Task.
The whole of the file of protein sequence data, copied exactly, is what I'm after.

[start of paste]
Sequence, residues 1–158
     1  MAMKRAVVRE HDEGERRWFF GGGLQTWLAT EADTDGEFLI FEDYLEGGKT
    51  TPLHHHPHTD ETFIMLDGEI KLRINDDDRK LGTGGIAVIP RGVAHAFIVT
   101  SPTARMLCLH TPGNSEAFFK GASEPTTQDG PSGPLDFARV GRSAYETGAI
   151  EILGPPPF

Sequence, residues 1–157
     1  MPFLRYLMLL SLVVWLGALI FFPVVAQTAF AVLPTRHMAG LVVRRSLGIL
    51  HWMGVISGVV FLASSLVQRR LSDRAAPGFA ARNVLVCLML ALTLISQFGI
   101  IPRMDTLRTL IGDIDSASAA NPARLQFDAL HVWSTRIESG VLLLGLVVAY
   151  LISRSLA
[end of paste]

Sequence, residues 1–158
     1  MAMKRAVVRE HDEGERRWFF GGGLQTWLAT EADTDGEFLI FEDYLEGGKT
    51  TPLHHHPHTD ETFIMLDGEI KLRINDDDRK LGTGGIAVIP RGVAHAFIVT
   101  SPTARMLCLH TPGNSEAFFK GASEPTTQDG PSGPLDFARV GRSAYETGAI
   151  EILGPPPF

Sequence, residues 1–157
     1  MPFLRYLMLL SLVVWLGALI FFPVVAQTAF AVLPTRHMAG LVVRRSLGIL
    51  HWMGVISGVV FLASSLVQRR LSDRAAPGFA ARNVLVCLML ALTLISQFGI
   101  IPRMDTLRTL IGDIDSASAA NPARLQFDAL HVWSTRIESG VLLLGLVVAY
   151  LISRSLA